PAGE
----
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High Integrity Software - The Software Crisis

Since software is so pervasive in our social infrastructure, the consequences of error prone software can be potentially very hazardous. For example, road accidents (or near-accidents) have been caused where car computers cause accelerator pedals to stick; massive delays to air travel occur when the air traffic control systems go down; and many thousands of people can be affected when tax or social security systems fail.

Even though software has been around for nearly half a century, many software projects still fail to be completed on time, within budget, or to the promised specification. The problem has become so acute that it is often referred to as the software crisis.

In 2001, the British Computer Society reviewed over 1000 projects. Of these, only 12.7% succeeded. Of the 500+ projects in the survey that were new software developments, only three succeeded (0.6%). In another survey, 53% of the projects exceeded their costs and delivery dates, or else had cut back greatly on the functional capability of the delivered programs. The cost to national economies of these failures is many billions of pounds, euros or dollars.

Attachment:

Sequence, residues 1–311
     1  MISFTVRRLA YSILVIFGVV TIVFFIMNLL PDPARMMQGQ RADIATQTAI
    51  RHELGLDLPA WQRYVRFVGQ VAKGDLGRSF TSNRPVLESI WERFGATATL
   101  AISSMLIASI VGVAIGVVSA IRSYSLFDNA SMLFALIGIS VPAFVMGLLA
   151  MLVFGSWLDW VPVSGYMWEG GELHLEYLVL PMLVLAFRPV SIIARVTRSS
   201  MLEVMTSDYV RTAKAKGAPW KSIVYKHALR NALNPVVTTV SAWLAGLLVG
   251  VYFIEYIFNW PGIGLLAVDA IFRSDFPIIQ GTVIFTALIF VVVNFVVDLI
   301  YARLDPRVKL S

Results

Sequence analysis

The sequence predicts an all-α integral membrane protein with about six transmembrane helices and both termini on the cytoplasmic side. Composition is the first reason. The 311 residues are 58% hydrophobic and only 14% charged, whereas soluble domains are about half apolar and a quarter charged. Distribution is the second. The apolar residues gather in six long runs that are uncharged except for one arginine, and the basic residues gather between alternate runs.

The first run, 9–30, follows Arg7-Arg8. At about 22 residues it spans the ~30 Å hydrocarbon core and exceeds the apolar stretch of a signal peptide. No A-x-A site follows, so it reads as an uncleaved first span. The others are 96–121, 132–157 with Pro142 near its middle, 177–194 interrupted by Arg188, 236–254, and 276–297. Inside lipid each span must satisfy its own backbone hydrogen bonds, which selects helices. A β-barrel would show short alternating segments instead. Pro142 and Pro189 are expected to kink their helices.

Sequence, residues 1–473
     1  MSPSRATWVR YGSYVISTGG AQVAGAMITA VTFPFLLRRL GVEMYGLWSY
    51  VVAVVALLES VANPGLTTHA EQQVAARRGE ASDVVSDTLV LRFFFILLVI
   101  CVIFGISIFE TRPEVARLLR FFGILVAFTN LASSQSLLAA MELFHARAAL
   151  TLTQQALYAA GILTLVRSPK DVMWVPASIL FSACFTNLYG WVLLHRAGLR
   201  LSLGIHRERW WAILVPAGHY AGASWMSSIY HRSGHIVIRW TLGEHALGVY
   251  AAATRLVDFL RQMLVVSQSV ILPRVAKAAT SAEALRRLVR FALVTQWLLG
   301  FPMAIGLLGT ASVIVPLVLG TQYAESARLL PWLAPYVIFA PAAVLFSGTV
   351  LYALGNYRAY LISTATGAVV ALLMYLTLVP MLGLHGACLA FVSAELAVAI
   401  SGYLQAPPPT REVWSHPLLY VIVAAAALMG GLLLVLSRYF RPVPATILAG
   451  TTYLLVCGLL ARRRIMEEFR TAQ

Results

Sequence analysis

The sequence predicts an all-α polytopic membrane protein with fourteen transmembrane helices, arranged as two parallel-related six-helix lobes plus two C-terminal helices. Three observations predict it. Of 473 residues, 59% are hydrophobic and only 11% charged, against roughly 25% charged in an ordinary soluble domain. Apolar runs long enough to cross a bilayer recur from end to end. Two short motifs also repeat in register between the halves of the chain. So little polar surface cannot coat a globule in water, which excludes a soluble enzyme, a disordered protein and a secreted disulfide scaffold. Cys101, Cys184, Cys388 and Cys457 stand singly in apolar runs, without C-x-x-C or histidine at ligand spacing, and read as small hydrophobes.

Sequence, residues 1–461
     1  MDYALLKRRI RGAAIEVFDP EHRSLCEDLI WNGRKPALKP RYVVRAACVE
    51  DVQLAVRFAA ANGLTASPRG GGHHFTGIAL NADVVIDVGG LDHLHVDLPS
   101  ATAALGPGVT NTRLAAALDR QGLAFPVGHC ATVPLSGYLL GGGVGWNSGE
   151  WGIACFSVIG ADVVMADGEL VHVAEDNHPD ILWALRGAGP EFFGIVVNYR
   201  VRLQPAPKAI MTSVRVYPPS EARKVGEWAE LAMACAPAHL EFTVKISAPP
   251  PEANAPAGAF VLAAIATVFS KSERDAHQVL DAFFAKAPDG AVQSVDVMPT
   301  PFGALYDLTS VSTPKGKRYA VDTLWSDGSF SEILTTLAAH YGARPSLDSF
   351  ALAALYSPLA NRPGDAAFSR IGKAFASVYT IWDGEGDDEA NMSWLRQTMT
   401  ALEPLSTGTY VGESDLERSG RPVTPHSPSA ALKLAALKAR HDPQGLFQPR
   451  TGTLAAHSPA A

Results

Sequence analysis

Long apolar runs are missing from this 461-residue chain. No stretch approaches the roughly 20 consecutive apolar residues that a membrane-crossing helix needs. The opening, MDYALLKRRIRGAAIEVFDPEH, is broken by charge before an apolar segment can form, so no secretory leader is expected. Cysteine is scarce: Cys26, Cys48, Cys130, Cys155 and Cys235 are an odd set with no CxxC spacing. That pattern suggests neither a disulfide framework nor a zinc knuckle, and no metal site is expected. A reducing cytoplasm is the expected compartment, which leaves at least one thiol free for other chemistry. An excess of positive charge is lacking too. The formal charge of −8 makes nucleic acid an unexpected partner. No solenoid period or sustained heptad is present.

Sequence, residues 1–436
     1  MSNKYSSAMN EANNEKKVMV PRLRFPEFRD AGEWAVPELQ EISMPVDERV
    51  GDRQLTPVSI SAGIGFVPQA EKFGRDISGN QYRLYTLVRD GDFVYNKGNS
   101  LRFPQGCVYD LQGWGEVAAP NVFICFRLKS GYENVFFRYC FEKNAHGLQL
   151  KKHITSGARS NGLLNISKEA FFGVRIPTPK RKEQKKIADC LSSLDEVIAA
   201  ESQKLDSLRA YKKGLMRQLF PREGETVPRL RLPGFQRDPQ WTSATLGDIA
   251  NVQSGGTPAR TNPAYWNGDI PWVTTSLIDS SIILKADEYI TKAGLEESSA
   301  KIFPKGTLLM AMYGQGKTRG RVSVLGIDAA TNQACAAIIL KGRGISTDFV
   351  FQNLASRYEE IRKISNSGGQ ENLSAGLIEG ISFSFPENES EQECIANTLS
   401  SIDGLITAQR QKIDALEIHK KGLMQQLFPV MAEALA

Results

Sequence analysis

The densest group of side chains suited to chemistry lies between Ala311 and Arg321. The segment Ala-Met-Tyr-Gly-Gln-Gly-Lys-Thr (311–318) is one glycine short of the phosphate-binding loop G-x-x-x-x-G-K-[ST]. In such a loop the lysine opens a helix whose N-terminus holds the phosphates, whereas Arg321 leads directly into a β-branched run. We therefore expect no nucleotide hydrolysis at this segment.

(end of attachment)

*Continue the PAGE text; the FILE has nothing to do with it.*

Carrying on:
Software development today is a process of handcrafting software in a manner that is barely repeatable or quantifiable in terms of costs. Software mechanisms are complex - it is easy to make mistakes, and it is impossible in any practical sense to test a program and be sure that no errors remain in its design. Where systems are highly mission-critical, manual design techniques are insufficient for the task of ensuring the dependability of
software, and because its correctness is uncertain, it is uncertain as to whether a project will have to spend time and money fixing problems. So it is not possible to predict development costs accurately.



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